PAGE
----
Pullyman goes cold turkey

Michael Cowin

Michael Cowin

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I started to write about Christmas in last week’s column and got tangled up in good intentions and toys.

So carrying on with the same theme of how things were much different then than they are today, let’s see if I can get past the pork butcher’s window.

We live in a world dominated by the three Ts: Tesco, Television and Terrorism. Now before the OFT ring me up, I would like to clear the air and set the record straight.

I am not in any way connecting Tesco with terrorism.

It’s just that Tesco is the only supermarket chain that begins with the letter ‘T’, and I like alliteration .

My memories about Christmas past probably start about 1945 or 1946.

The war was over and things were starting to return to normal. My father was home after spending the last five years in the RAF based in Scotland. He was back at work in Quiggin’s timber yard in Lake Road. I suppose the financial status of the family had risen from completely skint to nearly skint.

I can remember the ration books and the treats. The programmes on the wireless, the concerts in the church, the ‘Just William’ books and the family card games.

I can remember the Christmas ‘Police Treat’ for kids low down on the treat ladder.

A week before Christmas the Constabulary would lay on a cartoon show in the Picture House and hotpot in St George’s Hall. We would be sent home with a paper hat, an apple and an orange. I never thought of myself as deprived but I never had any difficulty getting a ticket.

We had enough to eat and a warm house. Whatever Father Christmas put into our pillow case was a complete surprise and most welcome.

Television, it’s programming and advertising, are huge influences on our lives today.

We did not have supermarkets nor did we have television. We had shops and urban shopping centres. By and large our shops were specialists. Butchers, bakers and grocers, etc. Now we have supermarkets.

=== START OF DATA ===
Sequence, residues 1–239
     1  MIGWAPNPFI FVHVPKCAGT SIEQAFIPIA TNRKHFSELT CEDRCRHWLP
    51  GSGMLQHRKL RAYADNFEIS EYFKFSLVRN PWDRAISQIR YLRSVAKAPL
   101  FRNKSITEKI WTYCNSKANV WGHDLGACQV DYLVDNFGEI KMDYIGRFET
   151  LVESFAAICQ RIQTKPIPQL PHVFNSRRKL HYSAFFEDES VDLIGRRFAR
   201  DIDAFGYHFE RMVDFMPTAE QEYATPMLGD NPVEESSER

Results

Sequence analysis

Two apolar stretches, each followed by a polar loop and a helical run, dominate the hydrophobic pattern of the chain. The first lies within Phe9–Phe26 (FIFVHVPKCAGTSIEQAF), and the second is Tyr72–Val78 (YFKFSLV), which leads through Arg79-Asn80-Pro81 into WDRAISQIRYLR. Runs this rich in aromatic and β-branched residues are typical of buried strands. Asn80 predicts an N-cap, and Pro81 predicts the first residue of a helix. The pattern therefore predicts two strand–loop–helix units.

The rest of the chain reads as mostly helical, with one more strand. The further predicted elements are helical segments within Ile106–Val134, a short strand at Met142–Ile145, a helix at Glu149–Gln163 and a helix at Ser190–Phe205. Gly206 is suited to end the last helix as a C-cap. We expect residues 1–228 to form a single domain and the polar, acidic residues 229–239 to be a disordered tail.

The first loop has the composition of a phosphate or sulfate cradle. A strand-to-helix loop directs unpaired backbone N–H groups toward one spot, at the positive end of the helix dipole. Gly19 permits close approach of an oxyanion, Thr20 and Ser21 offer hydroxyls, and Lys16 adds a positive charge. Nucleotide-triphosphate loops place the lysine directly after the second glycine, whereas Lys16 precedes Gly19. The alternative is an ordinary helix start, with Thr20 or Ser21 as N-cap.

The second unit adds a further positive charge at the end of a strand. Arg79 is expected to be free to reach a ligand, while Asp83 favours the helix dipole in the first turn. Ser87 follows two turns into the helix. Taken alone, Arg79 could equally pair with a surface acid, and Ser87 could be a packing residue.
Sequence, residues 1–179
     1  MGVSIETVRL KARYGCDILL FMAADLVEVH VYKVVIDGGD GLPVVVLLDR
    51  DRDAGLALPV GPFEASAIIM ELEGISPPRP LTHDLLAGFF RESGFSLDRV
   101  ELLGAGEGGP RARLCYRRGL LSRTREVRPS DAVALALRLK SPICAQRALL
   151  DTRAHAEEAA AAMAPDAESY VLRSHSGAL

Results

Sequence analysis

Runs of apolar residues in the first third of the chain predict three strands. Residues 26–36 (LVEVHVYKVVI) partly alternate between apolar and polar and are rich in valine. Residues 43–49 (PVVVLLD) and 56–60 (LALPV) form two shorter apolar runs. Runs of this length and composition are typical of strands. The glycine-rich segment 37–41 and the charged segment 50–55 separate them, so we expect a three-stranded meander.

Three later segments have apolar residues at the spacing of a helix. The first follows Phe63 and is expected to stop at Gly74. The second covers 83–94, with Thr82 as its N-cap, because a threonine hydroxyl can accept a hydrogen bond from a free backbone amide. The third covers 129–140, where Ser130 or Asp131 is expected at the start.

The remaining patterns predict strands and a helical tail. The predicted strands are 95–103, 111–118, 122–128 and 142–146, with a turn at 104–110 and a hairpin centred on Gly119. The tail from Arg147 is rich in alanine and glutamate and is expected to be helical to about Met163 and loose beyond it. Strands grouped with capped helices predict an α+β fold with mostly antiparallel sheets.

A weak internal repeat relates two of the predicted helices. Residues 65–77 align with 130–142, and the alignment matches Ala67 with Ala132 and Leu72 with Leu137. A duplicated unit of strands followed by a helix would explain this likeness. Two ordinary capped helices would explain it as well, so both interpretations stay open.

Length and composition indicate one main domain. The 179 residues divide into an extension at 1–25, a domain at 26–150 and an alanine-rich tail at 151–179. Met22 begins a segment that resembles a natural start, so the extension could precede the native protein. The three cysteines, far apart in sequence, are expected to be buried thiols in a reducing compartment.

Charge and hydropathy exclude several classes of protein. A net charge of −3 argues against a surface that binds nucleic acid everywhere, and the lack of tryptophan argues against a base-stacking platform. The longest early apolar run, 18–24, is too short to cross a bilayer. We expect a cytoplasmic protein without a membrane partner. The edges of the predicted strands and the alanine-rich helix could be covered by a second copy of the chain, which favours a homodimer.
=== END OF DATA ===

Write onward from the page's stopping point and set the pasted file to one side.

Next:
It’s easy for people of my generation to look at life today with all its excesses and extravagances and be critical.

But we were the architects of today’s world. We always wanted our children to have an easier life than we ever had and likewise with their children, our grandchildren.

You only reap from what you sow.

Consider terrorism. Today’s terrorists are the children and grandchildren of people like us. Ordinary.

It is easy to view things with hindsight and I freely admit I know nothing about Middle Eastern politics.

But how can our leaders believe the way to counter the acts of terrorism which plague us today is to drop bombs on other countries?

I was listening to a World Service broadcast and the journalist reported there were at least 400,000 Syrian children living with their families in refugee camps in Lebanon alone. There are refugee camps all over Europe. Those families have no hope, no dignity, no future. I wonder who they will blame.

It certainly won’t be their Prophet. Heaven help us all.

When I was a lad there was one thing we could all look forward to: a job when we left school. Now, a degree is no guarantee you will find work.

The final difference is the result of inflation. How much things cost. In 1962 when I started work in Strand Street, my wage was (in today’s currency) £8.50 per week.

I think the current minimum wage is just over £7 per hour.

And finally, an unusual statistic which serves no purpose and means absolutely nothing. Before currency decimalisation the pound in your pocket was 240 pennies, weighing 2250gm.

After decimalisation your pound is 100p, weighing 360gm. We really did get more for our money.

There’s a lot to be said for being 75. Happy Christmas.

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